Alzheimers—A Comfort To An Old China Hand

Wikimedia Commons Courtesy Frizabela

Wikimedia Commons
Courtesy Frizabela

My father-in-law spent his career in China before World War II. After he retired, a fall on the golf course shortly after his wife died kept him in the hospital for two months. As a result, he soon progressed from mild forgetfulness to full-blown Alzheimers.

I emptied out the spare room bureau, but no, he kept his open suitcase on the chair

“Pop, let’s put your stuff away,” I suggested.

“No, I’m only here on home leave. I’ll be going back to Shanghai.”

I placed a suitcase rack next to the bureau so he would know where to keep his things.

When we’d hear sounds  in the middle of the night, Mike would go downstairs and find Pop standing in the hall holding his suitcase.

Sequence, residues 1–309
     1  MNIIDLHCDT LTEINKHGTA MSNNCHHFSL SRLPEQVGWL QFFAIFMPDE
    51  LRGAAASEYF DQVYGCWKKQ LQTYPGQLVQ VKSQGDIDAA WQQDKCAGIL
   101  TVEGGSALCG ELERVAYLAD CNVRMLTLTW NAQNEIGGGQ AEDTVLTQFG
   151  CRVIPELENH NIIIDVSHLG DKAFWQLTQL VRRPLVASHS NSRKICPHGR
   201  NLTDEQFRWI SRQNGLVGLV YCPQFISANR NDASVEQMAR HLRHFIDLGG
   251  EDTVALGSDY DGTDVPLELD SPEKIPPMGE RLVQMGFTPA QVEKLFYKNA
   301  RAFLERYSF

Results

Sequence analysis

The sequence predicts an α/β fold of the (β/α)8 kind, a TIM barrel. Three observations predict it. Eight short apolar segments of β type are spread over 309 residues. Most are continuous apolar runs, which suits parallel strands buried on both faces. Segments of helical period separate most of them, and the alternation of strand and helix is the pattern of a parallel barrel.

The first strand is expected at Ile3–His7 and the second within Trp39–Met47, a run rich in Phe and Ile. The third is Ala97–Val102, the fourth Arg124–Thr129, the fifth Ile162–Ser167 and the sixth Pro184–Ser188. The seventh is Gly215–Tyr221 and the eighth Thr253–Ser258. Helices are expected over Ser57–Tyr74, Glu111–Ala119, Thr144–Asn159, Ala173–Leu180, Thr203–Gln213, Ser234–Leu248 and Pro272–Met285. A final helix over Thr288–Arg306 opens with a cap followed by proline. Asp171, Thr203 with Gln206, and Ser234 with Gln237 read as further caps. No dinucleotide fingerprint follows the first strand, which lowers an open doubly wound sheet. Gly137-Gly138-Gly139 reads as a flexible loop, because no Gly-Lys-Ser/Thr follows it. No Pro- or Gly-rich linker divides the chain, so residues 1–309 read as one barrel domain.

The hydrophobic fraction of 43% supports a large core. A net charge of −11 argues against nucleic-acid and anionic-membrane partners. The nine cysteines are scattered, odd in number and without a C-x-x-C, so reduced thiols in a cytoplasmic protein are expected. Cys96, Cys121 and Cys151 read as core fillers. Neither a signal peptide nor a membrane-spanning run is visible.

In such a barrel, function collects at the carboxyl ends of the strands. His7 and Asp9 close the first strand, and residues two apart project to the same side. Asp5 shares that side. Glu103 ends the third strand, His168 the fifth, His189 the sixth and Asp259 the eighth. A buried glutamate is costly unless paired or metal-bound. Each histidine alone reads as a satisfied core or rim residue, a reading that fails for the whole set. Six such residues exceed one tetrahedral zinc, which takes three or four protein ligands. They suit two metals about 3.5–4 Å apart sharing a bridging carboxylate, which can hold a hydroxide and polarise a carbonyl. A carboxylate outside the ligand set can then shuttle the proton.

“Take me to the railroad station,” he’d say.

There was no talking him out of it. So Mike would get into the car with Pop and drive him around the block a couple of times by the light of the moon.

I’d sit on the steps and wait for them, then greet Pop before I showed him to his room. “You must be tired after your long trip,” I’d say.  Let’s all go to bed and we’ll talk in the morning.”

This always worked.

5 responses

Leave a Reply

Fill in your details below or click an icon to log in:

WordPress.com Logo

You are commenting using your WordPress.com account. Log Out / Change )

Twitter picture

You are commenting using your Twitter account. Log Out / Change )

Facebook photo

You are commenting using your Facebook account. Log Out / Change )

Google+ photo

You are commenting using your Google+ account. Log Out / Change )

Connecting to %s

%d bloggers like this: